Networking: Cringe?

By Dan Moseson

In one week, I’ve met with two students who expressed concerns that networking is “cringe.”  A pattern like that suggests to me that a meme is taking off here, and I want to address it head-on.  Merriam-Webster defines “cringe” as “slang : so embarrassing, awkward, etc. as to cause one to cringe.”  UrbanDictionary.com has several similar definitions from people with usernames we can’t print.  A Google search of “networking is cringe” turns up dozens of think-pieces on how to make networking less “cringey” (and fonts of sublime nonsense like r/LinkedInLunatics and the Twitter account State of LinkedIn).  

If you make a career coaching appointment with me, we will almost certainly talk about networking.  At the Career & Professional Development Center, we define networking as maintaining relationships with people.  These are informal, reciprocal relationships with people whose friendship could bring advantages such as advice, information and referrals.  Networking is the single most efficient and impactful way to advance your career.  

Most of the “cringe” factor comes down to the idea that networking is inauthentic or exploitative – you’re being dishonest, you’re using someone, or both. But if you approach it with the right attitude, networking need not be either of these things.

Let’s start with understanding the purpose of networking.  The purpose of networking is not to get you any particular job.  It’s to build out your professional connections and gather vital information by developing authentic relationships based on shared interests.  These relationships can later help you find job opportunities (if you approach them authentically), but they’re equally important for learning what kind of role you might want to apply for in the first place, and for getting your name out there in the professional communities you want to join.  

For me, authentic networking starts with curiosity – your curiosity about a particular person’s career path, their experience working at a particular company, what opportunities and challenges they see in their industry.  Before you start reaching out, do some research.  Study the field you want to explore and the people you may want to speak with.  Find things you actually want to know.  Read LinkedIn profiles until you find a biography, role, or post that sparks your curiosity.  Go into networking with genuine, natural curiosity by finding things you really are curious about.  You need to actually care.  If you don’t, consider exploring a different career path.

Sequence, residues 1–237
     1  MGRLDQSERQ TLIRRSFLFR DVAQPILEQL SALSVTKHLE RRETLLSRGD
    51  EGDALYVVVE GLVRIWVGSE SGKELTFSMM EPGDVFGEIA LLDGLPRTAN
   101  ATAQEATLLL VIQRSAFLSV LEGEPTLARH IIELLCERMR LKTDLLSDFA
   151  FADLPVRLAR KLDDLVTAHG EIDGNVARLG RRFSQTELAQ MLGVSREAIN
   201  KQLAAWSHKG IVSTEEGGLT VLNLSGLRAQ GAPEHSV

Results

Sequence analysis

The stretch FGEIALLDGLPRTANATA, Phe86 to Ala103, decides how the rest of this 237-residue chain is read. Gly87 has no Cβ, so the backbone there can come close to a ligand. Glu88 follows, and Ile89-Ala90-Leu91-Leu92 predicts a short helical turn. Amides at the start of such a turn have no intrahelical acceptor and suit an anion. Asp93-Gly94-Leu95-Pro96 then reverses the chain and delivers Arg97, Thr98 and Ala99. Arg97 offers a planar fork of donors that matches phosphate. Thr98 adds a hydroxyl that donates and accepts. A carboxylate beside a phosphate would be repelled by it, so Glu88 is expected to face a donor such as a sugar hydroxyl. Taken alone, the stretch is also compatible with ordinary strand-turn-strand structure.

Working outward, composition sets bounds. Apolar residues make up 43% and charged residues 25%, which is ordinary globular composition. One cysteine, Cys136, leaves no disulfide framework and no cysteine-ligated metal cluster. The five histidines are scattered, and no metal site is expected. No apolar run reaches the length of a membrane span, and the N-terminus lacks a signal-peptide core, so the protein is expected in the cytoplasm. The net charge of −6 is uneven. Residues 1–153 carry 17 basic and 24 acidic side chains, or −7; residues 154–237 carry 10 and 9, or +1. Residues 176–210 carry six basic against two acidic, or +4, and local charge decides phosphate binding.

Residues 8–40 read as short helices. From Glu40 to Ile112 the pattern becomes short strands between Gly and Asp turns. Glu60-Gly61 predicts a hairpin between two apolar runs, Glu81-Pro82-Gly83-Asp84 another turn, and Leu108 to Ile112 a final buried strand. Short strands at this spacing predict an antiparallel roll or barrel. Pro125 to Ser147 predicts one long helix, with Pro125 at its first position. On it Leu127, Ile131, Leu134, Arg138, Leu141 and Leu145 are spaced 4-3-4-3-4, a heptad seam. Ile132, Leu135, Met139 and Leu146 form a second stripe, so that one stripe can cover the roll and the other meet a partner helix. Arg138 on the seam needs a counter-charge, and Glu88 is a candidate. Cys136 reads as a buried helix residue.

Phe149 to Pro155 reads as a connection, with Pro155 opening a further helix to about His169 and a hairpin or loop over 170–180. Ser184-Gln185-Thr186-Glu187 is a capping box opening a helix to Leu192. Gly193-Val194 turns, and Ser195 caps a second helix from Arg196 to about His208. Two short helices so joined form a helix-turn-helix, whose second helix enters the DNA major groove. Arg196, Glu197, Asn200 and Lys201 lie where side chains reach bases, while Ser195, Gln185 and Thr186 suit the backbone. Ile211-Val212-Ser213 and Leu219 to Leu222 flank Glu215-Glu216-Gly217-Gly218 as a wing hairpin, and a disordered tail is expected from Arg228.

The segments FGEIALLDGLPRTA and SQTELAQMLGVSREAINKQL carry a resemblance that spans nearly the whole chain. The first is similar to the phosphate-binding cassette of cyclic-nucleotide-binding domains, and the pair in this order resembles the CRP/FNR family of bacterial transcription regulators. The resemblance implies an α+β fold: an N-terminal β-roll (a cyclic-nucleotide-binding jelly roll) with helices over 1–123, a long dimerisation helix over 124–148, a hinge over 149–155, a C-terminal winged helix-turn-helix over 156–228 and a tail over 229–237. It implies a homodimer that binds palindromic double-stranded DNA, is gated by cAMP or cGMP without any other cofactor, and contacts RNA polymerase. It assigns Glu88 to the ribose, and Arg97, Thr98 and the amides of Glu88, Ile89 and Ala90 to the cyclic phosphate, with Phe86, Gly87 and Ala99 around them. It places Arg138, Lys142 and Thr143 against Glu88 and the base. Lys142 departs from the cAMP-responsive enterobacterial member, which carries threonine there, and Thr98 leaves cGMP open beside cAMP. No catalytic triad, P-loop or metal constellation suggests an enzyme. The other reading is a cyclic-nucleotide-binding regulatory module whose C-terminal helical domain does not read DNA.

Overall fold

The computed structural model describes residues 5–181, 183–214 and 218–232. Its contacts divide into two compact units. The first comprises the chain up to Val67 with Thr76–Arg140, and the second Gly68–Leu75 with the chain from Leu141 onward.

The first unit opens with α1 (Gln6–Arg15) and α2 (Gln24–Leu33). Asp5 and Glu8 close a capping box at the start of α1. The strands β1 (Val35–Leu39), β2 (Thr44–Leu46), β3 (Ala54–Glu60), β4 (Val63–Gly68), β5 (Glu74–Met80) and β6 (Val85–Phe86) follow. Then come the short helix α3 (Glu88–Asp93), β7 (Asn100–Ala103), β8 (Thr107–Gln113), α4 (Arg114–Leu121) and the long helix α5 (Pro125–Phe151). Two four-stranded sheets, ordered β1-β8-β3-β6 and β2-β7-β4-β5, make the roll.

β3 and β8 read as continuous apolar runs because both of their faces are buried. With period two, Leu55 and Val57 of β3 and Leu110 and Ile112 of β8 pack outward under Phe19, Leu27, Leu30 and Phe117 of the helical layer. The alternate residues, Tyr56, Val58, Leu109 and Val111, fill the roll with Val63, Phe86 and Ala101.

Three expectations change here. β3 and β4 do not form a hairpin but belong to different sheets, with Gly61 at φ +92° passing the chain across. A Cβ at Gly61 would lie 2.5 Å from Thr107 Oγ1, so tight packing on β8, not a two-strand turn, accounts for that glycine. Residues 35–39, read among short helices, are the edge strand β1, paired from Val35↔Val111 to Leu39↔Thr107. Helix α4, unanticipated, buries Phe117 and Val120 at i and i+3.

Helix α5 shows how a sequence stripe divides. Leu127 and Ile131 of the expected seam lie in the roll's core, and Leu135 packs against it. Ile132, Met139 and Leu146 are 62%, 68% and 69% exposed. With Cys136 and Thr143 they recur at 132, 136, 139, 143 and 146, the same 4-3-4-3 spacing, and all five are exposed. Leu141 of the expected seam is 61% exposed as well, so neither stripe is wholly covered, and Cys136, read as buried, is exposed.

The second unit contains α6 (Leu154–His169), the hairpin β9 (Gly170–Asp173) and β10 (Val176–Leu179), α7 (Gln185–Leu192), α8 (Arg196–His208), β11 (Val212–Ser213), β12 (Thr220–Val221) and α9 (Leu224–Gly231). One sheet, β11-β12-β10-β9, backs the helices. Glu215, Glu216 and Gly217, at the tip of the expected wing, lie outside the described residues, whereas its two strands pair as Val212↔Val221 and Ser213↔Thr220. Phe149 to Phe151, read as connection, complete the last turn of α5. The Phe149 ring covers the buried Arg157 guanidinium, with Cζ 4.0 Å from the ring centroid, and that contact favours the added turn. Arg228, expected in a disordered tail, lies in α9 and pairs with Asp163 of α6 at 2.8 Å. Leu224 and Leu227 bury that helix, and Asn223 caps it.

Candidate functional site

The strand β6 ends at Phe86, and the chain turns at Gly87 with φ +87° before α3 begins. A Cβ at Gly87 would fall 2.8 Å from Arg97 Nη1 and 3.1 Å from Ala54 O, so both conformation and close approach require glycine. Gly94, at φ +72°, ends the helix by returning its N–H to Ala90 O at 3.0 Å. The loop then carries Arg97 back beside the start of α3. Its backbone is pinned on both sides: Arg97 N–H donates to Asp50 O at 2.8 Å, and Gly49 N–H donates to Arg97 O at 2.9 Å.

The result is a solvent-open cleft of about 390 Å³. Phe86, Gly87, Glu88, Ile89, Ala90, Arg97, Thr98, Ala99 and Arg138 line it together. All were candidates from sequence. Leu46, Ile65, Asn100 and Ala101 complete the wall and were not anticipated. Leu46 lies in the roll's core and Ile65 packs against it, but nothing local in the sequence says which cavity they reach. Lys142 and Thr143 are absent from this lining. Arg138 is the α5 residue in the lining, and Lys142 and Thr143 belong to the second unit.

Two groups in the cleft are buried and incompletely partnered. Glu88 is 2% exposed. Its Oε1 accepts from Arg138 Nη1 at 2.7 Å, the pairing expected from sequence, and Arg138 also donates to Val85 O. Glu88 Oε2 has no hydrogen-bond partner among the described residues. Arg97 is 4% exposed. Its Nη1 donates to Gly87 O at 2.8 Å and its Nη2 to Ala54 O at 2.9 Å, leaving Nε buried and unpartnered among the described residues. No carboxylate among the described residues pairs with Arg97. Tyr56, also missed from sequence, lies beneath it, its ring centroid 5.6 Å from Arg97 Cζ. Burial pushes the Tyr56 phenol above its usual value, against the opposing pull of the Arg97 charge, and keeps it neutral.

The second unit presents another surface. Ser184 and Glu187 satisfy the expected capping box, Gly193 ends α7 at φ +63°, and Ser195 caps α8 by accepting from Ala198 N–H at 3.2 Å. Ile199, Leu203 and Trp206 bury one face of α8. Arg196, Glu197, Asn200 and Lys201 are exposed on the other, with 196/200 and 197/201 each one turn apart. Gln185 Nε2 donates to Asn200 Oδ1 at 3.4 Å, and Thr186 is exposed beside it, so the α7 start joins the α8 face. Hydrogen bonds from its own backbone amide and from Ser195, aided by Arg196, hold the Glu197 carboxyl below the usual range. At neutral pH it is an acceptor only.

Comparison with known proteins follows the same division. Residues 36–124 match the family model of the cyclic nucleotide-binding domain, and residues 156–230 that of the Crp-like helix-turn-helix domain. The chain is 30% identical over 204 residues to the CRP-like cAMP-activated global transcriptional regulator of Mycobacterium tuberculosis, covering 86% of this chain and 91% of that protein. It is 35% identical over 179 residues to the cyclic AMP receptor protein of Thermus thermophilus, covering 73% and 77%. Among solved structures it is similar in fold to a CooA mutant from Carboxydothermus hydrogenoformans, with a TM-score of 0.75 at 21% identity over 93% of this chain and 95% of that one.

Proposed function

Now, for the worry about using or exploiting people:  recently, I’ve seen a couple of folks who were concerned about “instrumentalizing a friendship” or “goal-directed social interactions.”  First of all, let’s remember that nearly all social interaction is goal-directed, whether the goal is food, fun, romance, a shared purpose or value, or a paycheck.  We’re social animals living in a massively interconnected world.  We cannot do most things alone.  To function in our lives, we almost always need some kind of support from someone else.  Living involves taking.  Most people understand that to be kind, fair, and fulfilled, we also need to give.  Networking, done right, involves giving.  First, you’re giving someone the chance to be a mentor.  Most people like helping, and they like being looked up to.  Second, by asking to learn about their career, you’re giving them the chance to talk about themselves, which is another thing most people like doing.  Third, you’re giving them a new connection – you.  By helping you build your career, they’re building their own.  When you’re succeeding in your career, you can return the favor and help them if they need it.  Finally, remember that authentic connections have a value of their own, most of all in the world of work.  

So, networking doesn’t have to be cringe as long as you are not cringe.  Be genuine.  Be curious.  Do your homework.  Show gratitude.  Stay in touch.  Pay it forward when you get the chance – to the people who helped you, or to the next person who needs help finding their way.